Yesterday, I took a friend to her cancer treatment. I sat in the waiting room, reading, while she endured a painful and humiliating event. When she emerged, she was tearful and trembling.
As I waited, I read an ancillary textbook for my next class. In the book was an excerpt from M. Scott Peck’s book, People of the Lie. In it, he postulates that evil is a disease, much like alcoholism. People who engage in both evil and alcoholism are participants, he says. Whether they are willing participants or not is the point of the matter.
As an alcoholic who has been clean and sober for many years, I can say that my participation in drinking was the result of a physical craving that was so severe that I would do anything, anything, to satisfy that craving, at the expense of all that was dear. Was I a willing participant? Yes, in a manner of speaking. We all have a need to feel like we’re the good guys, doing the good thing, even when we’re committing heinous acts. I, having no control over my drinking, embraced it as the cool thing to do. Until the time came when I could no longer do so, and shame took over. The only thing that keeps my alcoholism at bay today is a program of spiritual living.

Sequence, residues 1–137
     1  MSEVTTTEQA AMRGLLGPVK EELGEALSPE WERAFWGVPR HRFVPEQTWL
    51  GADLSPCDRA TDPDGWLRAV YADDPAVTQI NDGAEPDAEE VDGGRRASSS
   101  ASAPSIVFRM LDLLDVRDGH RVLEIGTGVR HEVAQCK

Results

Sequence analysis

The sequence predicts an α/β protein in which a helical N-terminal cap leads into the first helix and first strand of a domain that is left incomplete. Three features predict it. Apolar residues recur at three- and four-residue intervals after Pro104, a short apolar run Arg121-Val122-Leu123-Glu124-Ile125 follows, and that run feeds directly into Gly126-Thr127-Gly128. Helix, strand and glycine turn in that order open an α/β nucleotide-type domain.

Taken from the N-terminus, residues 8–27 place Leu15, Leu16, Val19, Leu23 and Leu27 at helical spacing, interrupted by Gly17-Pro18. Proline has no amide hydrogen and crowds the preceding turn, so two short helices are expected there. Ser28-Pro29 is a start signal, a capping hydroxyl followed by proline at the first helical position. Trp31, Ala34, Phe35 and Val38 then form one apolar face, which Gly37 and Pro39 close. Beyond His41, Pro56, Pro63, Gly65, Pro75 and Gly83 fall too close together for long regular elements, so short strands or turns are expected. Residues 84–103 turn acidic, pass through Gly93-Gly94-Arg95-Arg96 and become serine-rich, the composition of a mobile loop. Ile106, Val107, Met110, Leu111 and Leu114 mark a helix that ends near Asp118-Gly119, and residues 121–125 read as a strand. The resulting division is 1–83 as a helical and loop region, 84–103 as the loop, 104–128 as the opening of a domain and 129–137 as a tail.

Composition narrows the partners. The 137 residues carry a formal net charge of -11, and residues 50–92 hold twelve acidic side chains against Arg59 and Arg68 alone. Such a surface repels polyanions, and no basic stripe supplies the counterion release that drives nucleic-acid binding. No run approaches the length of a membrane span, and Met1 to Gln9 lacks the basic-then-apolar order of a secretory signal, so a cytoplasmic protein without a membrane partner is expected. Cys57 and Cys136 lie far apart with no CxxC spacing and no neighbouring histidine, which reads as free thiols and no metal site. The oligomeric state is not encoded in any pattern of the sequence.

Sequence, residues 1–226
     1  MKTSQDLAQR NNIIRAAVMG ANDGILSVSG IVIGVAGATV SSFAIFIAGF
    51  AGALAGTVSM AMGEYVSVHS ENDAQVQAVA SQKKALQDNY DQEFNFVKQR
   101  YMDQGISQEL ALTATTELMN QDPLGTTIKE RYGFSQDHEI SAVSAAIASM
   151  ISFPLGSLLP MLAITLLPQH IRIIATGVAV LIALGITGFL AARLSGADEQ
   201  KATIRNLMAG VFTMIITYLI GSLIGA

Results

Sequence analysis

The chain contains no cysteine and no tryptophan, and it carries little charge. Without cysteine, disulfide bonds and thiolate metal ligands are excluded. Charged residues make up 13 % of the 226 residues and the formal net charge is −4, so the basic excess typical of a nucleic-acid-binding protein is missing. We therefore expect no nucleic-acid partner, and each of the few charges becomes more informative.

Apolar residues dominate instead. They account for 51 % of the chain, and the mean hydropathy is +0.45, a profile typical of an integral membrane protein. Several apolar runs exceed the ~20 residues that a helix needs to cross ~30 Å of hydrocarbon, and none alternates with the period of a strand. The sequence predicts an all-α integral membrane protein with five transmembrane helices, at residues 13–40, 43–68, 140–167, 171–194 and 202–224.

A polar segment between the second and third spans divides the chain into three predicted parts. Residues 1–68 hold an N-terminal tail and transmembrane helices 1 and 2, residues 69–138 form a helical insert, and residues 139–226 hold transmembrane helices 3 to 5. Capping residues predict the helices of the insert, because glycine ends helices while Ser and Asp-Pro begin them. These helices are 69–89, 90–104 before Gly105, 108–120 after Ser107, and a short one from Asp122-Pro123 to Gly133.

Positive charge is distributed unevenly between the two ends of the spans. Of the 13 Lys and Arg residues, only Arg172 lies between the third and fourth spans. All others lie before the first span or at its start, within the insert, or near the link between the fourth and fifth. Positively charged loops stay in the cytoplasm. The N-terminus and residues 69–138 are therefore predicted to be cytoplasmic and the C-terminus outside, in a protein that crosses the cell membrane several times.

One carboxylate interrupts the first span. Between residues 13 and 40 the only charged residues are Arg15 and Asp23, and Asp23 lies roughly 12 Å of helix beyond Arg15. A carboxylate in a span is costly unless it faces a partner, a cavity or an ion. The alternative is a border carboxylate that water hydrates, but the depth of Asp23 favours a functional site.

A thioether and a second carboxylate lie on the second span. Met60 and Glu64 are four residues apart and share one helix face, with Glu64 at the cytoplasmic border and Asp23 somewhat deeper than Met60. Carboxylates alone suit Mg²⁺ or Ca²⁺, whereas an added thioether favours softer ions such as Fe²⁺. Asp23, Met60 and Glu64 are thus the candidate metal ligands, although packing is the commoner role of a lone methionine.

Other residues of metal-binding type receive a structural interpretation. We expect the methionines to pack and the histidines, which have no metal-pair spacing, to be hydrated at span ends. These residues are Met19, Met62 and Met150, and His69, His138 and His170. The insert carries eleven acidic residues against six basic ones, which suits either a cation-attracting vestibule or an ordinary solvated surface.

But evil… now that’s a completely different thing. Isn’t it?
The Urantia Book defines evil as “a partial realization of, or maladjustment to, universe realities.” It goes on to say: “And of all forms of evil, none are more destructive of personality status than betrayal of trust and disloyalty to one’s confiding friends.” It is a “deficiency of wisdom.”
And so it would seem that evil is within our control, until we turn that corner and discover that we cannot stop. There was a moment at which I could not stop drinking. Does there come a moment when we cannot curtail our destructive (evil) actions?
Is evil addictive?
And if it is, will a program of spiritual living cure it, or halt its progression? Keep it in remission?
But what about my friend who emerged from the treatment room in the cancer center, shaken and traumatized by the error visited upon her body?
Evil may be an action; it may or may not be a willful action. But the darkness that we call cancer is certainly born of evil–a maladjustment to universe realities.
The treatment isn’t pretty, no matter what the circumstances. Today, cancer is a treatable disease, and my friend will endure whatever discomfort it takes to eradicate the darkness from her body, along with millions of others, recovering from cancer, recovering from alcoholism.
I hope that some day, other manifestations of evil will be similarly treated and eradicated.